As videos on Modern Carnivore illustrate, it’s pretty easy to get into fishing, and actually catch fish from public fishing piers and shorelines. And once you’ve experienced a certain level of success, it’s natural to want to up the game a little—perhaps looking for bigger bluegills and crappies, or targeting a different species altogether. So, where do you go for fishing advice?

Gathering the intelligence and the advice needed to make that move can be a source of frustration, though. So, here are a few ideas to get you started.


Where You Buy Your Tackle

Big-Box Stores can be a great place to get basic gear at low prices, but finding a salesperson who can offer useful fishing advice on equipment or the local scene is nearly impossible. They’re out there, but they’re rarer than an unembellished fish story. For solid fishing advice and hands-on experience with tackle and gear, head for the nearest big Outdoor Retailer. There are a few national chains and many regional ones, and in my experience the folks in the aisles understand what they’re selling and can walk you through the pros and cons of any rod, reel, lure, spool of line, piece of clothing or electronic device in the store. They also usually know what’s happening on major fishing waters in their area, as well as the skinny on nearby lakes. Considering the store might be an hour’s drive from home, however, don’t expect them to know about the waters in your backyard. For that type of information, drop into the Local Bait Shop. For the price of a couple dozen night crawlers or a scoop of minnows you can likely get the inside story on any lake within 15 miles of the cash register.


The Digital World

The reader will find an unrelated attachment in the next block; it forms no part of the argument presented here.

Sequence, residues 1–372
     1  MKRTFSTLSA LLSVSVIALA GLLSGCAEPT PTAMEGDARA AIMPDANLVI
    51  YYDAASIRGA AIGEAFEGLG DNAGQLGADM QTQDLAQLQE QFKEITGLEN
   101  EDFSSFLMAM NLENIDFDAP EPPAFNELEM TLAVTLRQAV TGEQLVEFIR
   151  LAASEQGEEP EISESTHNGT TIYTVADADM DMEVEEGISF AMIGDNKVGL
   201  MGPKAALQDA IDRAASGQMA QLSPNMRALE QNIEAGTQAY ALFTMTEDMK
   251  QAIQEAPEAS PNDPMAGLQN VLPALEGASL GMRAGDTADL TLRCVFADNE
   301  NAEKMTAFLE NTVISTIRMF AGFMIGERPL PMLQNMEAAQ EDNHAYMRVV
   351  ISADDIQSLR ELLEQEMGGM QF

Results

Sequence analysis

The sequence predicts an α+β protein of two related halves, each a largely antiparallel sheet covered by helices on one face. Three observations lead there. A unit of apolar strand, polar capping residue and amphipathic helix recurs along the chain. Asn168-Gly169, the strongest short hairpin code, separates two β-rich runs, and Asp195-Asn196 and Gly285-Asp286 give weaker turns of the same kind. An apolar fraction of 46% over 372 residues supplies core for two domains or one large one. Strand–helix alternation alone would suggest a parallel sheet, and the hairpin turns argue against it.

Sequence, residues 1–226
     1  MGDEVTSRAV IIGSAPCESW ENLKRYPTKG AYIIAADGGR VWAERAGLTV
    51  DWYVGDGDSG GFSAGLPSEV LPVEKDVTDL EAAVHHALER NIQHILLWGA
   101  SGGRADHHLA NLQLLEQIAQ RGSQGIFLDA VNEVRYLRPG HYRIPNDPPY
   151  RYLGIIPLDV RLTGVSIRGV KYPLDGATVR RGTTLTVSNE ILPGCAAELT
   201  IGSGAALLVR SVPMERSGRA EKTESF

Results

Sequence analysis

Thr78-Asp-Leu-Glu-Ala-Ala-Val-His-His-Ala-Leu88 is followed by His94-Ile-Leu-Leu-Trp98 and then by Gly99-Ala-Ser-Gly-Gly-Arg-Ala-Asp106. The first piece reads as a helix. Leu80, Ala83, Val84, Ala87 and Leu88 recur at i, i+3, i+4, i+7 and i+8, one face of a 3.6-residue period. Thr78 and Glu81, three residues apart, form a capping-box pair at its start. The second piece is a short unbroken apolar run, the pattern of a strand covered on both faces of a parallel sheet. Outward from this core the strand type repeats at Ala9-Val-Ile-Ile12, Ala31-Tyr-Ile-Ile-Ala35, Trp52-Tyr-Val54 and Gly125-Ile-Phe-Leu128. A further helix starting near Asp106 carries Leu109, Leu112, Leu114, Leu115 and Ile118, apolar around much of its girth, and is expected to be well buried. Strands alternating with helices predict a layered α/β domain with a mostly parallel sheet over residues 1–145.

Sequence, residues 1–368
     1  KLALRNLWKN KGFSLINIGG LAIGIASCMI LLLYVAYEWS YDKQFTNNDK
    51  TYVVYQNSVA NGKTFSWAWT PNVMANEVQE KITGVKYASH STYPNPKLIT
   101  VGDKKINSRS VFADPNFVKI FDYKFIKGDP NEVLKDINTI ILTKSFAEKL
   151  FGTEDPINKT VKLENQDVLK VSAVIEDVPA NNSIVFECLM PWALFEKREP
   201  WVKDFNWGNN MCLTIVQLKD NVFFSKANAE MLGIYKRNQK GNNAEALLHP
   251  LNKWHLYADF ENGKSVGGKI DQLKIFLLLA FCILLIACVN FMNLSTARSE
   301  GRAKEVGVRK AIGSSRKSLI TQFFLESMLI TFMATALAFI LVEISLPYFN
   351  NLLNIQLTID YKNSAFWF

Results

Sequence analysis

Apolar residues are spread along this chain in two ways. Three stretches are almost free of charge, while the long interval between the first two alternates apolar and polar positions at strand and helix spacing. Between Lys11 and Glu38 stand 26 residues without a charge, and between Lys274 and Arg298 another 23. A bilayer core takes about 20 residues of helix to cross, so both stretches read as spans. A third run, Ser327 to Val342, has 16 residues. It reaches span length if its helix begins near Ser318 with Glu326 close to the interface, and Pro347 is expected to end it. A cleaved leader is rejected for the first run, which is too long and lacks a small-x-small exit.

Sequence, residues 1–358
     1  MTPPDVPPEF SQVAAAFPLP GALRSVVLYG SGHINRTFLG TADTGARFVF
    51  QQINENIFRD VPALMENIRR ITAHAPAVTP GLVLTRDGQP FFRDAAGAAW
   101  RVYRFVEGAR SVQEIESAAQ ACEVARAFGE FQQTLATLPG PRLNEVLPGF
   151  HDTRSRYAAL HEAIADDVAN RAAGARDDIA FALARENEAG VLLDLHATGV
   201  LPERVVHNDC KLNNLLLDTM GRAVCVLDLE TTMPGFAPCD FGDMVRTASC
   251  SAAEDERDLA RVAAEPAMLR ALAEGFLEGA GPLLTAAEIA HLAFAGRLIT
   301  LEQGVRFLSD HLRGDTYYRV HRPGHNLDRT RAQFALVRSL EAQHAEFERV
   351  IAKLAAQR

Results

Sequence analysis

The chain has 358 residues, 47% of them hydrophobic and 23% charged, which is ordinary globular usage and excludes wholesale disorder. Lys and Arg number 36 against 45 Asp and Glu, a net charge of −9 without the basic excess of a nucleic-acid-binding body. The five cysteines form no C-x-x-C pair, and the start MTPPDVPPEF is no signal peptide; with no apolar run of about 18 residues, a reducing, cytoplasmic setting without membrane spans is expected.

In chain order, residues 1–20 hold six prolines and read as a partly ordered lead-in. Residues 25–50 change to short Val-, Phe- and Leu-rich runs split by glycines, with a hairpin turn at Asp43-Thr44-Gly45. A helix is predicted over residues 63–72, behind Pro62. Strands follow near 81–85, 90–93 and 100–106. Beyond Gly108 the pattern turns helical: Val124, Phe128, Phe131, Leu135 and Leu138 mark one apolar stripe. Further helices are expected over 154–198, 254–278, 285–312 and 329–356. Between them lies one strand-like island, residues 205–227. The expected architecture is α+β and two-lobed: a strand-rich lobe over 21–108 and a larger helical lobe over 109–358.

Surfing the Internet is easily the quickest way to gather a lot of fishing intelligence, but trying to make sense of it all is time consuming. Start by targeting your search. Make note of the marinas, resorts and bait shops on or near your favorite lake or river. Visit their websites and it’s almost guaranteed you’ll find at least one that features fishing reports on local waters. Commercial websites are also valuable. Because national tackle makers want you to visit their sites regularly, they stock them with fishing tips, lake profiles and videos that are useful to beginners and veterans alike. Yes, the sites are designed to sell tackle, but they’re still a wealth of good information. Spend some time on this directed search you’ll also stumble across other resources—forums, newsletters, video channels—that you can use at the level you choose.


Fishing Advice From A Pro

If you really want to learn how to fish, consider hiring a professional guide for a half-day or day-long trip. Chances are you’ll find several that ply local waters, so you won’t have to travel far. Tell the guide right-off that you’re a novice and your main goal is to pick up pointers on techniques and bait selection and learn about fish biology and behavior–while you catch a few. Guiding is a service business and most professionals will be more than happy act as coach and provide the needed fishing advice. A growing number of guides are even marketing themselves as beginner-friendly, kid-friendly angling teachers. The cash outlay will probably be a lot lower than you imagine, and since most guides offer trips for two anglers, you can bring a buddy and split the cost.


Remember, these are starting points. Don’t be afraid to click interesting links on the sites you like, or go out of your way to find that secluded bait shop. You never know where the next good tip will come from.


Posted by Kurt Beckstrom

Kurt Beckstrom knows fishing. He was the Editor of North American Fisherman magazine for over 26 years. In this time he amassed a wealth of knowledge on fishing principles, techniques and locations. He is now sharing this deep expertise with the Modern Carnivore community to help you gain piscatorial expertise, and put a great meal of fish on the table.